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Book Recommendations

I spent today reading my own book. I was re-familiarising myself with the "new" novel, after having spent some time on the "old" novel. It was a pleasant experience, and though every page is scribbled with yellow "CHANGE THIS" ink, I felt that relief, that soft feeling in my heart that maybe writing this wasn't just a waste of time.

After weeks of editing I've felt, periodically, that my reading suffers, but I've still managed to get a few books in here and there. These are some of them, the ones that stuck in my memory and I'd like to tell you about them.


HÁLENDIÐ or (ICE LANDS) by Steinar Bragi

I read this book in Icelandic, and to be honest it's been a long time since I've read anything in my native tongue so it was good to be back "home", so to speak. It was also riveting to be sent up into the Icelandic highlands to experience horror unlike anything I'd imagined. I don't know what the translation is like, nor how much it helps to know a bit about the Icelandic landscape, but I loved the story. It was the right mixture of reality, the strange and the awful.

THE ATROCITIES by Jeremy C. Shipp

I'd read short stories by this wonderfully imaginative writer before, but though I was expecting quite a lot from him this book still managed to surprise me in a very pleasant way. Wonderfully atmospheric and creepy. This is the kind of novel that makes you fall in love with horror literature all over again.

HORRORSTÖR by Grady Hendrix

I'm not sure if I've mentioned this one already, but it bears repeating. When I found MY BEST FRIENDS EXORCISM I went through a phase and read everything by Hendrix. Wonderful author, great storyteller. This one stuck with me, not because of the excellent idea of the awful invading IKEA, or the fact that the book looked like an IKEA catalogue - what made me fall in love with it was the subtle Clive-Barkeresqueness of it. This is Hellraiser invades IKEA, and it's excellent.


This little book is a gem. Subtle horror with a hint of Kafka and a splash of Murakami. I love books where the devil plays a part and this one is fun and creepy at the same time. It's not given that this is horror, but to me it definitely read as such. Existential crisis supported by the devil and everything goes haywire. Loved this book.

THE SILENCE by Tim Lebbon

Now I'm sure I mentioned this before. I know I put his novella WHITE on the last list of recommendations I made. THE SILENCE has since come to Netflix and while I'd definitely tell you to see that I'd urge you more eagerly to read the book. The movie is good and it's true to the book, but the book is still SO much better.

A HEAD FULL OF GHOSTS by Paul Trembley

This one stuck with me. It pops into my head again and again though it's been a while since I finished it. It's such a good mixture of uncertainties, where you don't know quite what's happening, if there are supernatural forces at play, or not. He writes with such balance and sincerity it's hard not to be swept away.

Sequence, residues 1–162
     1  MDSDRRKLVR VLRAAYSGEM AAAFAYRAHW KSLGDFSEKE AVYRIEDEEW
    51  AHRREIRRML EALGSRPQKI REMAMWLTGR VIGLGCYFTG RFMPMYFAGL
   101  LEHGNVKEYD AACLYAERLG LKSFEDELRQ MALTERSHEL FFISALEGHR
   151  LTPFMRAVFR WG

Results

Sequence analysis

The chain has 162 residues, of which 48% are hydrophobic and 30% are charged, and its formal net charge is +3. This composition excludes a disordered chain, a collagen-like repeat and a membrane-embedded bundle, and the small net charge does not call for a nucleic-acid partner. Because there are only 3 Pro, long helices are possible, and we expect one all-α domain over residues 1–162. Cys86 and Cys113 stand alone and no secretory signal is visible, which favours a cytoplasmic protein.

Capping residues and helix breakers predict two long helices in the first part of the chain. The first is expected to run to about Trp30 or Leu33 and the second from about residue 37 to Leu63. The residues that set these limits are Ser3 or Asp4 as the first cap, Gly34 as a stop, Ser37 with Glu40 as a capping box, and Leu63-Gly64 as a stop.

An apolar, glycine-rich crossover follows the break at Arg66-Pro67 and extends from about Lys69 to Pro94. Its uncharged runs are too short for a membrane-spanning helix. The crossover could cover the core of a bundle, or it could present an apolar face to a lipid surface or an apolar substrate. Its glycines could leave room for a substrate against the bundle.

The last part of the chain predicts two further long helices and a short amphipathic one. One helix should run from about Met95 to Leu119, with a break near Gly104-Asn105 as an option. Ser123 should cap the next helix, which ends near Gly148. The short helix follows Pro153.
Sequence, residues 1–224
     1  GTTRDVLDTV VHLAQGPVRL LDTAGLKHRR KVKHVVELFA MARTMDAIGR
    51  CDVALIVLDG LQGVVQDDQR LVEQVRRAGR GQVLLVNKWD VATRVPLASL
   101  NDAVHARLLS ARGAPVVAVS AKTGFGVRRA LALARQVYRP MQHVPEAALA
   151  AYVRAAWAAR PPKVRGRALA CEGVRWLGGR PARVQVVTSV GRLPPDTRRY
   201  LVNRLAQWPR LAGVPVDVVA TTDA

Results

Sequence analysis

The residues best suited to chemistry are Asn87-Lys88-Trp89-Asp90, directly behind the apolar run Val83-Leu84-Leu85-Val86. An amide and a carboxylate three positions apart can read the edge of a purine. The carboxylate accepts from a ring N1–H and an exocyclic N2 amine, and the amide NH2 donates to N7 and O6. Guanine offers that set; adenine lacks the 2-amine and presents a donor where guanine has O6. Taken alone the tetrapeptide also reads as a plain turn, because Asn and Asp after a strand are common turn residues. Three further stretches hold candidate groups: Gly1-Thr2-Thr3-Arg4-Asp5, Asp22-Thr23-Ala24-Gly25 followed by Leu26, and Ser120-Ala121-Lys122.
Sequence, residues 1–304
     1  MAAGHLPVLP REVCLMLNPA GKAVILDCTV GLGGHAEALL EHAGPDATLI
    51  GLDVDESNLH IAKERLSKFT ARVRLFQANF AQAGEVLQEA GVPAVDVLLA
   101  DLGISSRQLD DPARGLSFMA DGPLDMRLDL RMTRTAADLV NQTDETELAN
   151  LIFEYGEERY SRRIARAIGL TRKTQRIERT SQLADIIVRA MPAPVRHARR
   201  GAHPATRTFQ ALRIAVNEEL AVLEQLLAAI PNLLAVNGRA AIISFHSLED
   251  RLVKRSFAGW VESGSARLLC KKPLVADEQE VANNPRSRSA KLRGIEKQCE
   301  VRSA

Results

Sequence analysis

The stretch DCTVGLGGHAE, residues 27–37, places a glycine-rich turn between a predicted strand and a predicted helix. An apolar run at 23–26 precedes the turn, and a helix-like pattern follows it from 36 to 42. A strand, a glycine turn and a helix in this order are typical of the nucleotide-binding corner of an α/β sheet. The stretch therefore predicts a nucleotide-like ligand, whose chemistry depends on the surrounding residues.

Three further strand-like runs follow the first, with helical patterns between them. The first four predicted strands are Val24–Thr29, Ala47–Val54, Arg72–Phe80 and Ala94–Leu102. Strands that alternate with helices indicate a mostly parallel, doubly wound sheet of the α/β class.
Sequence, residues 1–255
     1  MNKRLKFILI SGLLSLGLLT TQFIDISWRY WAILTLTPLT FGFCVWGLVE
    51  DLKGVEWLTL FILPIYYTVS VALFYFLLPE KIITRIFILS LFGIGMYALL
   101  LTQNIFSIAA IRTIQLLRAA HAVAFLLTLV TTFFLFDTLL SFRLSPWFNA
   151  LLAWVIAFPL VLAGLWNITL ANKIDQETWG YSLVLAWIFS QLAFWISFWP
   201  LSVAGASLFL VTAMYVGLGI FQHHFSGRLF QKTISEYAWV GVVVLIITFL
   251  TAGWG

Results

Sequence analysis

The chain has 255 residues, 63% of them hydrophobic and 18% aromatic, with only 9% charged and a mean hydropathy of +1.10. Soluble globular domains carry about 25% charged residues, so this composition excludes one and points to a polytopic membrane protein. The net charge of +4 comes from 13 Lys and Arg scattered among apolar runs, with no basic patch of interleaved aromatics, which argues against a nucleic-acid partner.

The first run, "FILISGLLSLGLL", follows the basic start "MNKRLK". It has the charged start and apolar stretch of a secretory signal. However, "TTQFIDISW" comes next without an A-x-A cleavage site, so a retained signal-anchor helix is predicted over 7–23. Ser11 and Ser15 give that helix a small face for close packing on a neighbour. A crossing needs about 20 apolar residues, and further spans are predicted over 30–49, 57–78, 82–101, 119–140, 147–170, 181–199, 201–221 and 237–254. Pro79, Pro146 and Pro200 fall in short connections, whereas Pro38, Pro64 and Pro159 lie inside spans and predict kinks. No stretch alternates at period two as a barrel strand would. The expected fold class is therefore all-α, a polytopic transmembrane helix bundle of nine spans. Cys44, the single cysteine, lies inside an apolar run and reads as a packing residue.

KÄRLEKEN (L'Amour) by Marguerite Duras

I've loved Duras since I was a teenager and read THE LOVER. I stumbled upon this book on sale at a local bookstore recently and snatched it (along with another Duras book I still haven't read). This books is surreal, reminded me very much of Samuel Becket's GODOT. It's not exactly horror, but it has an atmosphere of the apocalypse, of a city in ruins. It's about love and lust and silence and death and if you haven't read Duras already you really should pick up a book by her. She is one of the great ones, a wonderful author who is not mentioned often enough.

THE DARK GAME by Jonathan Janz

I listened to the interview Brian Keene made with Jonathan Janz on THE HORROR SHOW podcast and immediately realised that I needed to read something by Janz. It made me very happy when I realised that some of his books are up on (an audiobook site I subscribe to) and so I started listening to this book while walking the dog.

The dog got a lot of exercise those few days it took me to finish it. It's the audiobook equivalent of not being able to put a book down, so I spent the time walking the dog in the forest, listening to this. It's well written, the plot is fun and the characters (especially the bad guy!) are great. What really brought it home was the dialogue the book constantly has on writing and about what being a writer really means.

Can't wait to listen to the other books the site has by Janz.

I have my nightstand (virtually) filled with books I need to read, but since I'm editing it's going ever so slowly. I am thankful for audiobooks at a time like this. I often listen to podcasts or audiobooks while walking the dog and the better the book the more exercise we get. It's a great tradeoff if you ask me. At the moment I'm dedicated to finishing KILLING COMMENDATORE by Murakami. It's been on hiatus for a long while, I started reading it this time last year.

And after that - who knows? Any recommendations?

Also if you’re looking for a cool sci-fi short story, you might like this one written by my friend Leonie M. Smith called Burying Gabe.

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